The screenplay for Limitless was written by Leslie Dixon (screenwriter of the 1999 version of The Thomas Crown Affair, the 2003 version of Freaky Friday and the 2007 version of Hairspray), based on the 2001 novel, “The Dark Fields”, by Alan Glynn.  Dixon’s screenplay is fairly tight, as far as plot goes, but there is a heavy reliance on Eddie’s voice-over to carry much exposition and, unfortunately, telling the audience what they see which could have been creatively expressed with the camera.  The movie starts with the ending as Eddie is about to jump of the ledge of his Manhattan penthouse before the bad guys can cut through his steel door and torture him for his stash of drugs.  Through voice-over, we hear Eddie start to describe his situation and tell his story as a memory play.  It is never clear if Eddie is telling his story from a place of safe closure and redemption, from prison or from the dead.  It is clearly used as a device for quick and easy exposition.  I do not know if the voice-over was originally in Dixon’s screenplay or if it was added in post-production, as was done for the original 1982 release of Blade Runner.  Whatever the case, the voice-over in Limitless is lazy shorthand for filling in story gaps.

What really works in this film is Neil Burger’s (The Illusionist, The Lucky Ones) direction.  He has invested Limitless with a zeal that rarely flags.  To visually convey the drug taking its effect, Burger shows Eddie watching himself split into two or more super highly functional versions of himself.  Some of the visual effects get a little cute, such as when Eddie is rapidly writing his novel with great ease and we see letters from the alphabet float down into the scene, or when he realizes that he understands corporate financial numbers, Eddie looks up at the tiles on his apartment ceiling and they flip into stock market numbers. 

One of the more visually arresting effects is what I will call an “endless zoom”, where the camera lens seems to endlessly zoom down streets, which conveys a sense of everything approaching Eddie – thus the viewer – at the same rate; unlike a camera physically moving down the street which conveys a physical sense of moving through that environment.  Eddie is being expediently filled with information and this “endless zoom” visually expresses this idea. 

There is a neat twist on a fight scene when Eddie encounters a group of troublemakers on a subway platform.  They pick a fight with Eddie, who has never fought before, but because he is hopped-up on NZT, Eddie vividly recalls fight sequences from the Bruce Lee movies he watched in his youth.  So, from memory, Eddie uses Lee’s famous martial arts moves to succinctly dispatch his attackers.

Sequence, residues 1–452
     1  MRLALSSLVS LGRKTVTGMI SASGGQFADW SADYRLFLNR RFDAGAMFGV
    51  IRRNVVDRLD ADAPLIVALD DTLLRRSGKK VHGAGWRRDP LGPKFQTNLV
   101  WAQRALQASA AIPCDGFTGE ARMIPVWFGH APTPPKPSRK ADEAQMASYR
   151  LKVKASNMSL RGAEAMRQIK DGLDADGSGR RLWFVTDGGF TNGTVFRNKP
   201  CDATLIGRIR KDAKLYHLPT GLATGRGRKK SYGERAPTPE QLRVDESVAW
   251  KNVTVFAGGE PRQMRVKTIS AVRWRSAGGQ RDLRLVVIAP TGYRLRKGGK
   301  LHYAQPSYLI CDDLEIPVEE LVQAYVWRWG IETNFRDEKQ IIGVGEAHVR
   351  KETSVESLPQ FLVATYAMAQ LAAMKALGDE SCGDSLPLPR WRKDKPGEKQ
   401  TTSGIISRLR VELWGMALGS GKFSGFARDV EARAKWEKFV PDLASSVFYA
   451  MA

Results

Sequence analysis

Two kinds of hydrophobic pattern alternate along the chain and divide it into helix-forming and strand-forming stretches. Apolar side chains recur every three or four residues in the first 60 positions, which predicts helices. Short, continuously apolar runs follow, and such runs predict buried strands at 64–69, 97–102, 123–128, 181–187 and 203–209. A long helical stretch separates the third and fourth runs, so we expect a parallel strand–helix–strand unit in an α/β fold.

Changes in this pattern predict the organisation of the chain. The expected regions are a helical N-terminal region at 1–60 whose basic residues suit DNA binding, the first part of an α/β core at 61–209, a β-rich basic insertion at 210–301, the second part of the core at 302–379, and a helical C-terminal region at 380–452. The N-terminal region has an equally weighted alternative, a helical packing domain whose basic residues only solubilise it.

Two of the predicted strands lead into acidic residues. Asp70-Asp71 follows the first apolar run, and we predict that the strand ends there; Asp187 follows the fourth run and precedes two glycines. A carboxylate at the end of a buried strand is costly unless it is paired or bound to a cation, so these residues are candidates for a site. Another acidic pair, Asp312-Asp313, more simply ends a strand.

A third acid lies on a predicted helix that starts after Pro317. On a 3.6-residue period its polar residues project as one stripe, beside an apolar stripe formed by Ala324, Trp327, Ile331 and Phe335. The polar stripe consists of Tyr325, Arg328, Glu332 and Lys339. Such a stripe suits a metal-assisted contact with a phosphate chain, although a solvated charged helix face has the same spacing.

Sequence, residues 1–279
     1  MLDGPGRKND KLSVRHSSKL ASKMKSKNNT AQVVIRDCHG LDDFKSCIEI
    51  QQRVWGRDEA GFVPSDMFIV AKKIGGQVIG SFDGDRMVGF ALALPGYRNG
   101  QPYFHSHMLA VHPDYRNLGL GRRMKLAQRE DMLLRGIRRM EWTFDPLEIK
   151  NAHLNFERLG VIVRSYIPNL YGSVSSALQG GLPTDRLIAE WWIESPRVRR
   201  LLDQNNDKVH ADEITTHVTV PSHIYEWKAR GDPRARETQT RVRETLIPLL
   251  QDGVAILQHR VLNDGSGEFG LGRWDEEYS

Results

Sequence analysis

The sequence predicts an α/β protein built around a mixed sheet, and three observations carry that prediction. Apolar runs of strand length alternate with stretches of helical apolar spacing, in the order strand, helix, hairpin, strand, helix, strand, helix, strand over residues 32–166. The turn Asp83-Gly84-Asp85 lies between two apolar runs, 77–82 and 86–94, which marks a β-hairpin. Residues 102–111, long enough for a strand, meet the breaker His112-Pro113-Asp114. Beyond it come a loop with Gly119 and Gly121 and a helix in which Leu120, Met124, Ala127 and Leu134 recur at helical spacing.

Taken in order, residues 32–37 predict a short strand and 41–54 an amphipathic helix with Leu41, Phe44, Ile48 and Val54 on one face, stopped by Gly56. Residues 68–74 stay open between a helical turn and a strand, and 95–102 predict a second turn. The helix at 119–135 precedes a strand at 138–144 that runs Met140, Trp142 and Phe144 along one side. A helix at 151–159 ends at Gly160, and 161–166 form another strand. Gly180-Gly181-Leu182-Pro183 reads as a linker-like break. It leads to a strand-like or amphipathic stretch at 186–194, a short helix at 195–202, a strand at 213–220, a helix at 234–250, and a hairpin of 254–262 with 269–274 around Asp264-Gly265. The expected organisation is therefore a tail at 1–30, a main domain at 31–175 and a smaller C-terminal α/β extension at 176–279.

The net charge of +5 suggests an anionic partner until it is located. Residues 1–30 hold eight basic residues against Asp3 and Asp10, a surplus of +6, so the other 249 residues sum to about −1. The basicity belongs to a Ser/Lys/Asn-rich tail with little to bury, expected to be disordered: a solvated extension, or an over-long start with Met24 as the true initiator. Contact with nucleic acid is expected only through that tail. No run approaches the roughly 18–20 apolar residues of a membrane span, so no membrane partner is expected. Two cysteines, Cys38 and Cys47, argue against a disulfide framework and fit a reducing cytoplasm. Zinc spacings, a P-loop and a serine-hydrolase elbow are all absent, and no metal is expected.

The cinematography by Jo Willems is lush and his use of colour is creatively matched to Eddie’s circumstances.  When he is not on the drug, Eddie’s world is a palette of cool steely blues and shades of green.  When Eddie is on the drug and reaching heights of success, the photography is warm and rich in sunny amber tones.

As a thriller, Limitless moves along well, but the thrills are average and it is missing a sharp edge of paranoia.  As Eddie, Bradley Cooper brings an easygoing, if somewhat bland, likeability to the movie, but I never felt that pure anxiety his character is supposed to be experiencing as his life is running off the rails and the drug is taking its hellish toll.  And Robert De Niro is just sadly lumbering along in his dull role as the proverbial corrupt business tycoon.  What a shame it is to see such a powerful actor as De Niro once again choose a mundane, cliché role.  It is difficult to feel any real sympathy or genuine emotion for your lead characters when the drama revolves around stock portfolios and corporate takeover.  That seems like small stakes compared to the potential of grander, more epic issues of humanity when you can take a drug that works like mental steroids. 

The whole premise of Limitless is improbable, but that's okay because the first two-thirds of the movie are entertaining enough to suspend disbelief.  In its third act, Limitless succumbs to ridiculous comic book action and devolves into stupidity and just plain grossness in a scene involving Eddie and the blood of the Russian mobster.  The final scene between Eddie and his girlfriend is embarrassingly cute and completely negates the rest of the movie.  However, Limitless is flashy and easily digested; a superficial entertainment that is good-looking without much of a brain in its pretty head.  

Trailer for Limitless

















For those of you living in the Greater Vancouver area and need a break from reality, the Pacific Cinematheque will be screening two classic movies for which I will be introducing: the 1936 screwball comedy, MY MAN GODFREY, directed by Gregory La Cava, starring the witty William Powell and the gorgeous and loony Carole Lombard; and Walt Disney's 1940 experimental, classical music animated feature, FANTASIA.  Both films are essentials in their genres and are not to be missed on the big screen.  Here are the screening details:

The Pacific Cinematheque is located at 1131 Howe Street, downtown Vancouver.  For further details, visit the Pacific Cinematheque website: http://www.cinematheque.bc.ca/

MY MAN GODFREY ~ Outtakes & Blooper Reel

FANTASIA ~ Original Theatrical Trailer (1940)